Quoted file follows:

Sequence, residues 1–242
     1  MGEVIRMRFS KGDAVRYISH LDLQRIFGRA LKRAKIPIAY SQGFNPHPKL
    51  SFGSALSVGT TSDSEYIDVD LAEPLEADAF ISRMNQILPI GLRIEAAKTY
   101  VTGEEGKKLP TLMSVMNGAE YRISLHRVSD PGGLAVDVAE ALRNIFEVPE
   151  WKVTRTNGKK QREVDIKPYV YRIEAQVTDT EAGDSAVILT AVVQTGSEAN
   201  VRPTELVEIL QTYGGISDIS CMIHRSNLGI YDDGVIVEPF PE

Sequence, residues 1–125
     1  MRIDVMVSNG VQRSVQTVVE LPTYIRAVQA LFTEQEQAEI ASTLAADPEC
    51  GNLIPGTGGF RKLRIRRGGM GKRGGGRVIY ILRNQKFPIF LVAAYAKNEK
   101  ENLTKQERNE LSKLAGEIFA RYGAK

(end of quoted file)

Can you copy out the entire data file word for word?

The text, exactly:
Sequence, residues 1–242
     1  MGEVIRMRFS KGDAVRYISH LDLQRIFGRA LKRAKIPIAY SQGFNPHPKL
    51  SFGSALSVGT TSDSEYIDVD LAEPLEADAF ISRMNQILPI GLRIEAAKTY
   101  VTGEEGKKLP TLMSVMNGAE YRISLHRVSD PGGLAVDVAE ALRNIFEVPE
   151  WKVTRTNGKK QREVDIKPYV YRIEAQVTDT EAGDSAVILT AVVQTGSEAN
   201  VRPTELVEIL QTYGGISDIS CMIHRSNLGI YDDGVIVEPF PE

Sequence, residues 1–125
     1  MRIDVMVSNG VQRSVQTVVE LPTYIRAVQA LFTEQEQAEI ASTLAADPEC
    51  GNLIPGTGGF RKLRIRRGGM GKRGGGRVIY ILRNQKFPIF LVAAYAKNEK
   101  ENLTKQERNE LSKLAGEIFA RYGAK